Filipino-American writer and producer Valerie Castillo-Martinez teams up with acclaimed filmmaker Raya Martin for “Death of Nintendo,” a coming-of-age story set against the backdrop of ‘90s pop culture, premiering at Berlinale this month.

Set in the suburbs of 90s Manila, just before the catastrophic Mount Pinatubo eruption, “Death of Nintendo” follows the misadventures of four video game-crazed 13-year old friends as they navigate the challenges of adolescence including first love and circumcision.

“Death of Nintendo” is a story based loosely on Valerie’s experiences growing up in the Philippines before moving to the United States. The earliest version was written while she was completing a Master of Fine Arts program at Columbia University where it was awarded Faculty Honors in the university’s Screenwriting Competition in 2016.

“I was at a midpoint in my life. I’ve spent almost an equal amount of years living in the US and the Philippines and I started fearing losing my childhood memories. It made me think of the simplest times I had growing up and summers in the Philippines. The 90s, in particular, were special,” she said.

The film comes at a time when the Philippines is on the watch for threats of a catastrophic volcanic eruption with Taal Volcano remaining at Alert Level 2.

“I chose the year of the eruption of Mount Pinatubo because I remember the morning I woke up to seeing the ashfall – it’s a vivid image seared into my memory, and so visually that inspired the events around the story. Aside from peppering pieces of myself in each of the kids, the juxtaposition of videogaming with playing in nature is also what I think defines my generation. The nation itself was having an identity crisis as it was dealing with catastrophic events while the American military forces were departing the country,” Valerie said.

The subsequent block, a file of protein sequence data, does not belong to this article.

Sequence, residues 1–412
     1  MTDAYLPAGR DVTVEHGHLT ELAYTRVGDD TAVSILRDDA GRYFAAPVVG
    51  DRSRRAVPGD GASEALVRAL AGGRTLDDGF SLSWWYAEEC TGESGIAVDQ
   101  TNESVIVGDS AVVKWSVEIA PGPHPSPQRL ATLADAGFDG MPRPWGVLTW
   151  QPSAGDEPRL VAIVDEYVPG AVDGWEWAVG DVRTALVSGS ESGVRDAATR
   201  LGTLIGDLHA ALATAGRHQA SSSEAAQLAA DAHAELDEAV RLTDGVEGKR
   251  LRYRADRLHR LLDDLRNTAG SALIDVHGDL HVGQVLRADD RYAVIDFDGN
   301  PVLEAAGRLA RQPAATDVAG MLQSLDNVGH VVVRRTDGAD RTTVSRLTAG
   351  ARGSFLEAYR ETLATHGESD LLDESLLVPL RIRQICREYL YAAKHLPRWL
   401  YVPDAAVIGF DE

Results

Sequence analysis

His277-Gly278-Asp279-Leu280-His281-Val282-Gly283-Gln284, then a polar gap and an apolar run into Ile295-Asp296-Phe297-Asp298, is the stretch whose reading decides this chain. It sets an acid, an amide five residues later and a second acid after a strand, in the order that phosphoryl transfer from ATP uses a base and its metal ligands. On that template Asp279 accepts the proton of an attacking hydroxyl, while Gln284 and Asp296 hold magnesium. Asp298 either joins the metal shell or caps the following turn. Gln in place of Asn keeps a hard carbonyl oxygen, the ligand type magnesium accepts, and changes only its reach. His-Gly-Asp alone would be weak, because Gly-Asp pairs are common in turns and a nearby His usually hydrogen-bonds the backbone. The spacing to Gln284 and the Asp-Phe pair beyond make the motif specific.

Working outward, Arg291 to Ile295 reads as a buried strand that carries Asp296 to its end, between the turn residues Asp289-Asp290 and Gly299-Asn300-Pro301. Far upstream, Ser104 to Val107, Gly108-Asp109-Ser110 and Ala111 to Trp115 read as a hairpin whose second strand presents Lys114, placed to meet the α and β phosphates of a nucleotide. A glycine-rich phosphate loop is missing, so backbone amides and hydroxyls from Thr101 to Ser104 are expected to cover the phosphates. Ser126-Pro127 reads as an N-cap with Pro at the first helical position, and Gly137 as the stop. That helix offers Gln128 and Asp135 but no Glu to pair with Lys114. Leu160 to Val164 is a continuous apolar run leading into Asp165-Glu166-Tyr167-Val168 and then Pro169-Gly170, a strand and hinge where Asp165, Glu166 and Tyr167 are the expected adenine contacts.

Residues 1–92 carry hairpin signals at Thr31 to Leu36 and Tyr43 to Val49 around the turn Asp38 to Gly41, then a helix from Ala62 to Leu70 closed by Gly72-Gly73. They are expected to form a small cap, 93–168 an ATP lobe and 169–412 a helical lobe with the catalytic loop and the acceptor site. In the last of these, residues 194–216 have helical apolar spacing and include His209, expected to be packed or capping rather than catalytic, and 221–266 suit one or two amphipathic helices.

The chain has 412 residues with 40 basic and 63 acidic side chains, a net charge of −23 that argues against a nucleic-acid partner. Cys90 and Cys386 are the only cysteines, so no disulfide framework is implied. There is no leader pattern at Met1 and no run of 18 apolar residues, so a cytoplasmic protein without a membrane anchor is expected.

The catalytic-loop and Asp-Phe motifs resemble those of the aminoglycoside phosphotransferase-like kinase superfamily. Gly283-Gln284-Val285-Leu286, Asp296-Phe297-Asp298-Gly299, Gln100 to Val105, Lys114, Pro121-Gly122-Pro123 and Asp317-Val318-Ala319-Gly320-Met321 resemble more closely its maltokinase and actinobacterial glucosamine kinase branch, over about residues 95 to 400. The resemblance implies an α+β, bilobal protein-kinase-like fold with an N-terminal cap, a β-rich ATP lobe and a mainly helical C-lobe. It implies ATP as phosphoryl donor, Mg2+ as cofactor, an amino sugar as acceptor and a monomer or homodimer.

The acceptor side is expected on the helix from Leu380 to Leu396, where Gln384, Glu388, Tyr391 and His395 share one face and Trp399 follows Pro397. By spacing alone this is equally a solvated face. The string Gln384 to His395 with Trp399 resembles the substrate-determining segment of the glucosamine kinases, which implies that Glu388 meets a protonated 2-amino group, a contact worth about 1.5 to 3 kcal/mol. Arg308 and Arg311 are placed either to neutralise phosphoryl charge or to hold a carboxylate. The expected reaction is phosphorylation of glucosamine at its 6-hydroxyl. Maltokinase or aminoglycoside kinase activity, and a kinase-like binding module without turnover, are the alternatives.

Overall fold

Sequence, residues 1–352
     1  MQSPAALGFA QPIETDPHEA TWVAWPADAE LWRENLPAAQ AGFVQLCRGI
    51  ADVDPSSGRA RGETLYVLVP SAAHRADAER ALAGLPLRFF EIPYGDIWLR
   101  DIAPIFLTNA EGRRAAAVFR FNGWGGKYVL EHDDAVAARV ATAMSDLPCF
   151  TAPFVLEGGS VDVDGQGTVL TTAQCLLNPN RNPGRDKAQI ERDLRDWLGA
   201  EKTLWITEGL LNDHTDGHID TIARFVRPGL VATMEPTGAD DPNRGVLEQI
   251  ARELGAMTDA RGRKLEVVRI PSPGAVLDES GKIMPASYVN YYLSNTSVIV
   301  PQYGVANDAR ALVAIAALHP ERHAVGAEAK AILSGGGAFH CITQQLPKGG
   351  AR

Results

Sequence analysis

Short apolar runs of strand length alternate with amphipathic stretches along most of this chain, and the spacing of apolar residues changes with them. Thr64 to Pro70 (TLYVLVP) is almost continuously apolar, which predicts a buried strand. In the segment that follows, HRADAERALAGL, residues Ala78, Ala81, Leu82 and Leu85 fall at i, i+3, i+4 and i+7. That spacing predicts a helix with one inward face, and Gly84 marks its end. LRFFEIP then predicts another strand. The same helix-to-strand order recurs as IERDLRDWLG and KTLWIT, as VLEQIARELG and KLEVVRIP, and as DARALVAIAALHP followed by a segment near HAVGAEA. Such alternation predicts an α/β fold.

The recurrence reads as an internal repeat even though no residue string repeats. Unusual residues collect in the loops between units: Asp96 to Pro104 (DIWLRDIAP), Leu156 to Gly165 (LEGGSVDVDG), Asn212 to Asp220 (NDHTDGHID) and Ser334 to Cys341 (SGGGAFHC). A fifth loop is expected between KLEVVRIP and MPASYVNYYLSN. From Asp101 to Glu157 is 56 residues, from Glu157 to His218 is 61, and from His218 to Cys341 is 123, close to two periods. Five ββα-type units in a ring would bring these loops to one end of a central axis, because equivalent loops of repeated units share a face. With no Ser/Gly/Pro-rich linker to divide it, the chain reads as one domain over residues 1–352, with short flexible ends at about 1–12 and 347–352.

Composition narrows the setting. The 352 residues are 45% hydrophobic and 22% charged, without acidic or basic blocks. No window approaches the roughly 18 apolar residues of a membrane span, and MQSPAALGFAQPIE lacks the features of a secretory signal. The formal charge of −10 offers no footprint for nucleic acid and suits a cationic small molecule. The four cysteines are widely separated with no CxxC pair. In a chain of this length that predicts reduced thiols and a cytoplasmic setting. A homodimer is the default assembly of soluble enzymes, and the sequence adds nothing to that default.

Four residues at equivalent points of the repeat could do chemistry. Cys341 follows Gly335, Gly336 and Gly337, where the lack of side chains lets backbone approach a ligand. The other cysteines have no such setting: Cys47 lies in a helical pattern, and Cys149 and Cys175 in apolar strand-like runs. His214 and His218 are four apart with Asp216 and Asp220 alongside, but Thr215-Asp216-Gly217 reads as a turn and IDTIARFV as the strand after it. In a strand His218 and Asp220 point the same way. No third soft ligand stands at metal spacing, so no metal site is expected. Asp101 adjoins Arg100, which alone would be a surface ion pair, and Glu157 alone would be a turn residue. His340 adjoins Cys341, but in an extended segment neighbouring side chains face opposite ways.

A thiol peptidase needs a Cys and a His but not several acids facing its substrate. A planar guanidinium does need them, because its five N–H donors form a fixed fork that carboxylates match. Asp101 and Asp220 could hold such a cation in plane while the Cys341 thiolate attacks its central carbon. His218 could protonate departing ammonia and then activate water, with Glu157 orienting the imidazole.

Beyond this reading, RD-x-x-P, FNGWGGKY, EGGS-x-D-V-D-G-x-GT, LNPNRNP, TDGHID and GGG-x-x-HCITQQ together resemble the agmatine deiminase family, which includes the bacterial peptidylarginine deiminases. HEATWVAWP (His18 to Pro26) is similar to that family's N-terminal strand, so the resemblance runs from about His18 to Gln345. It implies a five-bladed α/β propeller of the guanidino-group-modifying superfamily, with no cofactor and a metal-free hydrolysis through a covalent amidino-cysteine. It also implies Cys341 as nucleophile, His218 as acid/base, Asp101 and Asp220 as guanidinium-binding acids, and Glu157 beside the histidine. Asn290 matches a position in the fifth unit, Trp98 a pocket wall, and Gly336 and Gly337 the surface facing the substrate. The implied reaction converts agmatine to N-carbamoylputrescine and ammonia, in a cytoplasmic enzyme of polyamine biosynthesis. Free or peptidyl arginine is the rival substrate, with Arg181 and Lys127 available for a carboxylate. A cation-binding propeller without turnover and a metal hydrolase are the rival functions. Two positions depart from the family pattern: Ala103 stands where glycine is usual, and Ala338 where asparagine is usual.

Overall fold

Valerie has had her other works screened in Venice, Toronto, Busan, and won multiple awards around the globe. That she gets to collaborate with childhood friend, schoolmate and acclaimed filmmaker Raya Martin, whose works include “Independencia” (2009), and “Smaller and Smaller Circles” (2017), is a noteworthy element in the process.

She explained, “Working with Raya has excited me in two different ways. The most important reason is our connection to the story, and how he deeply understood the nuances of all the cultural specificities of that place and time. Raya and I grew up in the same middle-class neighborhood and attended the same elementary school for 12 years. What’s more is that we wanted the Philippines to be depicted specifically to our experience and not be exoticized or serve certain cultural stereotypes involving extreme poverty or crime.”

For his part, Martin, who deviates from his usual filmmaking genre on “Death of Nintendo,” felt this was an important story to tell having grown up queer in the ‘90s.

“Val and I had the exact same Catholic suburban-bred world being schoolmates. I also remember it was the beginning of the Internet aside from the console wars, so we were really fascinated between this virtual new world and touching ground that I felt was unmistakable in her story,” Martin shared.

While the first versions of the story focused on the boys, Martin and Martinez worked on developing an equally significant female character as a protagonist.

“This feeling of inequality was essential to me. In fact, this time period had a lot of reckoning with the “boys club” mentality, just before our small suburban mindsets were forced to open up to a much bigger world,” he explained.

“Death of Nintendo” will premiere in Berlinale 2020 under the Generation Kplus category.

“Playing our film at Berlinale Generation Kplus is totally perfect. Young minds are the most impressionable, most vulnerable and most honest. It’s a lot of fun and just really a story that comes from the heart. Anyone can relate to the simplest need of our characters to be loved, and to figure themselves out. It’s also so magical that a film set on our side of the world, taking place decades ago, can make an impact and a real connection to today’s audiences, young and old,” said Valerie.

Death of Nintendo stars Noel Comia, Jr., Kim Chloie Oquendo, Jiggerfelip Se1mentilla, John Vincent Servilla, Moi Bien, Nikki Valdez, Angelina Kanapi, Jude Matthew Servilla, Elijah Alejo, Cayden Williams, and Agot Isidro.